and treatment of PTSD symptoms may lessen the severity of the condition
and improve the overall quality of life for servicemembers and veterans. If
left untreated, PTSD can lead to substance abuse, severe depression, and
suicide.

The Department of Veterans Affairs (VA) has intensified its efforts to
inform new veterans from the Iraq and Afghanistan conflicts about the
health care services—including treatment for PTSD—it offers to eligible
veterans. These efforts, along with expanded availability of VA health care
services for Reserve and National Guard members, could result in an
increased percentage of veterans from Iraq and Afghanistan seeking PTSD
services through VA. Concerns have been raised about whether VA can
provide PTSD services for a new influx of veterans, while at the same time
continuing these services for veterans that VA currently treats for PTSD.

1
Servicemembers include active duty members of the Army, Marines, Air Force, and Navy
and members of the Reserves and National Guard.
2
Hoge, Charles W., MD et. al. “Combat Duty in Iraq and Afghanistan, Mental Health
Problems, and Barriers to Care”, The New England Journal of Medicine, 351 (2004): 13-22.
3
Kulka, R., et.al. Trauma and the Vietnam War Generation: Report of Findings from the
National Vietnam Veterans Readjustment Study. (New York: 1990).

Page 1 GAO-04-1069 Post-Traumatic Stress Disorder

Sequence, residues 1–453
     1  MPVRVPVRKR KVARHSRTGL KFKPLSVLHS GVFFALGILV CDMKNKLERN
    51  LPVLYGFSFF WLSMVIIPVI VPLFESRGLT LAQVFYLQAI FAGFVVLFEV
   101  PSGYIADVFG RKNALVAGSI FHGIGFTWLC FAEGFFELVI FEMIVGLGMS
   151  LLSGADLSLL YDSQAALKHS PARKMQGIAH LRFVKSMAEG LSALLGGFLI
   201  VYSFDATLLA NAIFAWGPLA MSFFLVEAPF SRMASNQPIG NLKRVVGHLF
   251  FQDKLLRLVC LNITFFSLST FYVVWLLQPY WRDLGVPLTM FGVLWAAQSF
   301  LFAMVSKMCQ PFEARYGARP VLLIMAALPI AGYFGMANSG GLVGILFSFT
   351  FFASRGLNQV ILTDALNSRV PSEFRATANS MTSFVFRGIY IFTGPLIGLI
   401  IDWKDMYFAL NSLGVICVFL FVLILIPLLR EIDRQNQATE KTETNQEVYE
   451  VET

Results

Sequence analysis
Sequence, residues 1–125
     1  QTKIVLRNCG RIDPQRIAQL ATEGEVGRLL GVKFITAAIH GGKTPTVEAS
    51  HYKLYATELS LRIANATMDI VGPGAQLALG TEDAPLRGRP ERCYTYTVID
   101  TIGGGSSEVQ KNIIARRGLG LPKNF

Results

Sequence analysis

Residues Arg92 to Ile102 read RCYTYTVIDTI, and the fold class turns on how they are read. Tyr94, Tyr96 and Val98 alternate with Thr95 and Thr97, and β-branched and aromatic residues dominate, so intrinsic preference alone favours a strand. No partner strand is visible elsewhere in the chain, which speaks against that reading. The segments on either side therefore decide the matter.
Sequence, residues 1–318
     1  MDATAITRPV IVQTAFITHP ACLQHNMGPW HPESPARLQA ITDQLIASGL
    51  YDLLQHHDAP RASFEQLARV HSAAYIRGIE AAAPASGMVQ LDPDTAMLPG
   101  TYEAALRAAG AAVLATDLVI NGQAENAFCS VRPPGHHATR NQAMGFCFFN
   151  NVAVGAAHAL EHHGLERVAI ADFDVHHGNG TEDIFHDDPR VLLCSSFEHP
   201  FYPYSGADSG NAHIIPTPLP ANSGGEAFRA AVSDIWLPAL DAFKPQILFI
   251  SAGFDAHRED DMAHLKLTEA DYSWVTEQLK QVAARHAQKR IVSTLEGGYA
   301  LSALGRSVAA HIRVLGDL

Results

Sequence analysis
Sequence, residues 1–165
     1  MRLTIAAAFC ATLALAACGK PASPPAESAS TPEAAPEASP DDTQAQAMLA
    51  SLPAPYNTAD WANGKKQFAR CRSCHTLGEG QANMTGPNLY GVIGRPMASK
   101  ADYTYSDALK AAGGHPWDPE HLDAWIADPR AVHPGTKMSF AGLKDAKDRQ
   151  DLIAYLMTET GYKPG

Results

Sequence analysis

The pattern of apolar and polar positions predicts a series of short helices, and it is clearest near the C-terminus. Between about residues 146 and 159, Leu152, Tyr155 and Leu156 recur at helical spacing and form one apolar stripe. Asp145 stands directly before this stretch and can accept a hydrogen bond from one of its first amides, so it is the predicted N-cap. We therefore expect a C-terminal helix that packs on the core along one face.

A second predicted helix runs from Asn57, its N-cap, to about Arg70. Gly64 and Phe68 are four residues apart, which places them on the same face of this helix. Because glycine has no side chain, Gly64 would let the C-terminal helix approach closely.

You asked that we review the Department of Defense’s (DOD) efforts to
identify servicemembers who have served in Iraq and Afghanistan and are
at risk for PTSD, and VA’s efforts to ensure that PTSD services are available
for all veterans. Specifically, we identified the approaches DOD uses to
identify servicemembers who are at risk for PTSD. We also examined if VA
has the information it needs to determine whether it can meet an increase
in demand for VA PTSD services.

To determine the approaches DOD uses to identify servicemembers who
are at risk for PTSD, we reviewed documents, interviewed DOD officials,
and visited a military installation for each of DOD’s uniform services, some
of which had large numbers of servicemembers returning from Iraq and
Afghanistan. We have reviewed how well DOD’s uniform services
implemented these approaches in previous work and did not address that
issue in this review.4 To determine whether VA has the information it needs
to estimate the future demand for VA PTSD services, we interviewed VA
headquarters and facility officials to discuss the number of veterans
receiving treatment for PTSD and future demand for these services in areas
of the country where large numbers of servicemembers were returning
from Iraq and Afghanistan. To obtain additional information on identifying
and treating veterans with PTSD, we interviewed VA’s PTSD experts at the
National Center for PTSD.5 We reviewed VA’s annual capacity reports,
which include information on the number of seriously mentally ill veterans
receiving PTSD services. We also reviewed the findings of the VA Office of
Inspector General (OIG) who is responsible for reporting to Congress on
the accuracy of VA’s capacity reports. We did not include data from VA’s
annual capacity reports because the OIG found that the data were not
sufficiently reliable. We also interviewed VA headquarters and facility
officials and DOD officials to determine what information they share about
returning servicemembers. For a complete description of our scope and

4
Previous GAO reports have addressed DOD’s compliance with screening requirements for
returning servicemembers deployed outside of the U.S.: GAO, Defense Health Care: Quality